CES + Design        

Our Thoughts from CES 2015

January 16, 2015

CES has yet again proved to be one of our favorite Consumer Electronic Shows to date. Unfortunately, we did not attend this year, but we researched the most innovative products that were introduced and we were highly impressed. The wide array of products and services that are displayed at CES really make them stand out from the rest, giving them the competitive edge that these companies deserve.

We can only imagine how much connectivity was present in the show room, through sensing, listening, talking and wondering through each person that walked through the aisles. Gadgets, devices, sensors in all different categories can be connected to create a powerful and original idea that can give people something to talk about. Below are some of the cool products that caught our eye when we all got together to talk about the show. To learn more about the products that we have designed, click here.

Prizm, the first learning music player, remembers user’s habits and learns their preferences when it comes to what kind of music is played at different times of the day. Music streams directly from the cloud to your speakers, making it so you don’t have to use your smartphone or computer. In addition, when company is present, Prizm merges both music tastes and picks a song that everyone will like.

bryson m
We all know what it is like to replace a battery for the smoke detectors in our homes or apartments. The Roost is a 9-volt battery that your detector relies on, and is a life saver when it comes to the life of the battery. It lasts five years, and doesn’t work until the detector needs to go off. It is smart enough to let you know when you need to change it, chirping at all levels. The final version of the Roost will give users an option to have a replacement to last another five years.

dee m
Unfortunately, MakerBot didn’t reveal any new 3-D printers at CES this year. However, they did focus on announcing new materials that users could print with. The new filaments that can be used are composites of limestone, iron, and wood. These can provide a greater range of looks and textures that could be beneficial in the design engineering world. These are good for those who want to make prototypes of objects that don’t have a plastic finish.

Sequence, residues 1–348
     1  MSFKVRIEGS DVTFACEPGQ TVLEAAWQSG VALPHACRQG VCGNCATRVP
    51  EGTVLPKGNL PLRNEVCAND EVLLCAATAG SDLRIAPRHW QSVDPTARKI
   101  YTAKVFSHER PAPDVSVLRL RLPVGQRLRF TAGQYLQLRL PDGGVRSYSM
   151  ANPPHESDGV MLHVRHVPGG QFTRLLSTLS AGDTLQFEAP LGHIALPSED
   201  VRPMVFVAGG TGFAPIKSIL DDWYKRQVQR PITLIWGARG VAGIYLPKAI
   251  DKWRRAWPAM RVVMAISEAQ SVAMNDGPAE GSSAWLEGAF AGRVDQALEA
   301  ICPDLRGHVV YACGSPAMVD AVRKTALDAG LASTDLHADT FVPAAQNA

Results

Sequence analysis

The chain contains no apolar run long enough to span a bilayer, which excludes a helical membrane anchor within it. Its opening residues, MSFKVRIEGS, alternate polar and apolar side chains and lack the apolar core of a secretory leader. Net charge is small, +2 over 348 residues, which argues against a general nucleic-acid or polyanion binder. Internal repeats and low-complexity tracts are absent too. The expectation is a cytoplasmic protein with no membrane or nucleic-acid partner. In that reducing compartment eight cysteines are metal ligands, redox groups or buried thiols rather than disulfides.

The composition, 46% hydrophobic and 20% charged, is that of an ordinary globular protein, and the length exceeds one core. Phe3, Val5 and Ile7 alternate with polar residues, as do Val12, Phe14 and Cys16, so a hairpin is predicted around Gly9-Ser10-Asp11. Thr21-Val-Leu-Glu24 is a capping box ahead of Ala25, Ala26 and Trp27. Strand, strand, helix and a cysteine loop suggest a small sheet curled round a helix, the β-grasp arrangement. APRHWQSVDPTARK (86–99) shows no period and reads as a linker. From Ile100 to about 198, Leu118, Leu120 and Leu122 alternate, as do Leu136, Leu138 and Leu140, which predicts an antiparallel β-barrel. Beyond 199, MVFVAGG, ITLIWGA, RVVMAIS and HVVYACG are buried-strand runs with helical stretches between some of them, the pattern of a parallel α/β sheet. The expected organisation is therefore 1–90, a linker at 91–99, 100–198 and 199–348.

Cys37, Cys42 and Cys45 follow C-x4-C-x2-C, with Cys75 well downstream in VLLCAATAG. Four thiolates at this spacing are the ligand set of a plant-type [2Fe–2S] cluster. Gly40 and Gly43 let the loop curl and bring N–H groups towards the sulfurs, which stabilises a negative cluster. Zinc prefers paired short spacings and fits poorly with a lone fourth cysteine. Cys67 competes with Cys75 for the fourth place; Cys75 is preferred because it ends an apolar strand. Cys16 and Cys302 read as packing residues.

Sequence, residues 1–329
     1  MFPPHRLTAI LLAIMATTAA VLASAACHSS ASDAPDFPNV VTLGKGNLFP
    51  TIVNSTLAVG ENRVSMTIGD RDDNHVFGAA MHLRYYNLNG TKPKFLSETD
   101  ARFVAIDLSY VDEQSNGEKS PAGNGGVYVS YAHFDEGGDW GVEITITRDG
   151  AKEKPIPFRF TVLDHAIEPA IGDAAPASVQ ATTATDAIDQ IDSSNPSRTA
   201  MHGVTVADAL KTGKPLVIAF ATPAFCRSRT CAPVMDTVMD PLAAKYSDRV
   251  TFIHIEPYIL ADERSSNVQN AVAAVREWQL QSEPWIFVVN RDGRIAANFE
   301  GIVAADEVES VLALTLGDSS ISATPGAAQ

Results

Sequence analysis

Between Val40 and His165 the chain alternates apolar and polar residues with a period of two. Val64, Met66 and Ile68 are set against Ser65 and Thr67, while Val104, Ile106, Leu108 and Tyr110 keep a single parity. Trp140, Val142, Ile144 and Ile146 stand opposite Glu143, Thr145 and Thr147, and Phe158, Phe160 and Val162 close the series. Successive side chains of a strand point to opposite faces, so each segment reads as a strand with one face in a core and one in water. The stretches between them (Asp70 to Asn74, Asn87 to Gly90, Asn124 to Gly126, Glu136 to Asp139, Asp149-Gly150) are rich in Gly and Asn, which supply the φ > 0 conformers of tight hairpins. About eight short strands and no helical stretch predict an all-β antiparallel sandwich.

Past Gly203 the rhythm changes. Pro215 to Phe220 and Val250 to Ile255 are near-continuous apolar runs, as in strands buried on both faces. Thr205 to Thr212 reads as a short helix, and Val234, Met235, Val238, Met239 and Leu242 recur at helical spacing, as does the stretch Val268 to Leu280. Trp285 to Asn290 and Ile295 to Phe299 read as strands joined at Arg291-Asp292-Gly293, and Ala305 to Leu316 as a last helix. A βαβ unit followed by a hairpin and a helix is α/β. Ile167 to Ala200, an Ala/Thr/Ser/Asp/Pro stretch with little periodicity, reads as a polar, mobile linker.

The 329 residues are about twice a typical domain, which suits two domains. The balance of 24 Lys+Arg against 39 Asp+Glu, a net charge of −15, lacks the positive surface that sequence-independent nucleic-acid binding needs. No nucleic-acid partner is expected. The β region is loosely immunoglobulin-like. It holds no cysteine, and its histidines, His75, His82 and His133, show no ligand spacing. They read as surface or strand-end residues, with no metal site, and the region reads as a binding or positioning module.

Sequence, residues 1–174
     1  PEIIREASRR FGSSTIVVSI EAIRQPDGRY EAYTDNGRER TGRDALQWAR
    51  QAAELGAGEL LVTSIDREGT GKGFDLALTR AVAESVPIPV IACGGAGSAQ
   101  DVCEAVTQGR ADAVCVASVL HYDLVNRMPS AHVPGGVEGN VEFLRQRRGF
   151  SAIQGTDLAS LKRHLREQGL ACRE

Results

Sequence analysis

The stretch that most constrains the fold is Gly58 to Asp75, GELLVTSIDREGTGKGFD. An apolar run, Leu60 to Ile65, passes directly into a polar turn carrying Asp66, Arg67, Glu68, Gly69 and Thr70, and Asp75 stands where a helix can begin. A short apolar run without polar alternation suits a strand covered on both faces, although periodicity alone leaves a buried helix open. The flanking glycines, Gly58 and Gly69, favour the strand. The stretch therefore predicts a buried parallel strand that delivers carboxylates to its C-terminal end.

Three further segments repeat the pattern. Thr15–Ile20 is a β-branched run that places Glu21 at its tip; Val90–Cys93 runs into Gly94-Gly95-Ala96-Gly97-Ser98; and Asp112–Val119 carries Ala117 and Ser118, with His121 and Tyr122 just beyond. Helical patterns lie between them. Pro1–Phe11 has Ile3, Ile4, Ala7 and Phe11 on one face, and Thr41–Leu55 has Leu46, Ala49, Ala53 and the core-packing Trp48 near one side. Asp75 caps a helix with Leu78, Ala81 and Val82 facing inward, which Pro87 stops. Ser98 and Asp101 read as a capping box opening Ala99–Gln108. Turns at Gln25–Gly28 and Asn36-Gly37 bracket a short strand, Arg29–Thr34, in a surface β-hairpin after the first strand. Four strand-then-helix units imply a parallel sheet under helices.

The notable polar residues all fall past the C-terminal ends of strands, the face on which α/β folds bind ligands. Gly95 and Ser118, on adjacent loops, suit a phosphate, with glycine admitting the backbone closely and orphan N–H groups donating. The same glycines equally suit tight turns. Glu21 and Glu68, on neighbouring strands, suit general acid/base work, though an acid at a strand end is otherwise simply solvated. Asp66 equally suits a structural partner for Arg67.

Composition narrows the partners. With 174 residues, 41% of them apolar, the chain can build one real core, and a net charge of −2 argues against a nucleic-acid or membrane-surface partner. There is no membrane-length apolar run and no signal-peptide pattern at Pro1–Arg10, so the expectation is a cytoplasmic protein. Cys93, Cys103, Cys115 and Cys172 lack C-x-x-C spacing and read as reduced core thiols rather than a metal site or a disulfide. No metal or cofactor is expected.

jax p
LG just released their new Twin Wash system at CES this year. This allows for two loads of washing at the same time, which could cut down on laundry time. The Twin Wash is a separate drawer that can fit under the front-load washers, and can handle smaller/delicate loads while the main machine goes through the cycle. When not in use, the mini washer is compatible with the TurboWash, which concentrates on the clothes that are sprayed with detergent for faster cycle times. The heat is recycled for energy efficiency, while the steam helps with wrinkles.

mark e
The Withings Activité is a watch, along with an activity tracker. Think of a FitBit, but more practical and stylish. You can measure your movements and it keeps track until you have hit all your efforts, along with being able to see your sleep patterns that can be uploaded to your smartphone. In addition, it is water resistant, with being able to track your swim workouts. This is a formula that is suitable for the public, especially if you’re looking for something that has tracking capabilities.

sean k
HP’s biggest consumer PC announcement at CES 2015 is a small one, but nonetheless, definitely useful. HP introduced their pocket-sized desktop computers called the Pavilion Mini and the Stream Mini. They feel there’s still room for a tiny desktop, whether hooked up in the living room or on an office desk, which in today’s society, we love big things in small packages. The Pavilion 300-020 Mini starts with Intel Celeron or Pentium CPUs, but can be configured with a faster Intel Core i-series CPU as well.

trevis k
Netatmo introduced their new connected camera, Welcome, at the CES show this year. This technology based product will be able to tell you exactly who is coming through your front door with facial recognition. The camera eye is sharp as can be, picking up a 130-degree range of view as it scans, capturing and streamed into 1080p and is accessible from anywhere, with having saved videos on an SD card. However, if an unfamiliar face pops up on the screen, it alerts the owner letting them know that Welcome doesn’t recognize the person entering. For young children coming home, it gives parents a peace of mind and not to worry. There’s also an accessory called Welcome Tag, a motion sensor that can be placed indoors or outdoors to alert the home owner of any movement, that will be sold separately.

Up Down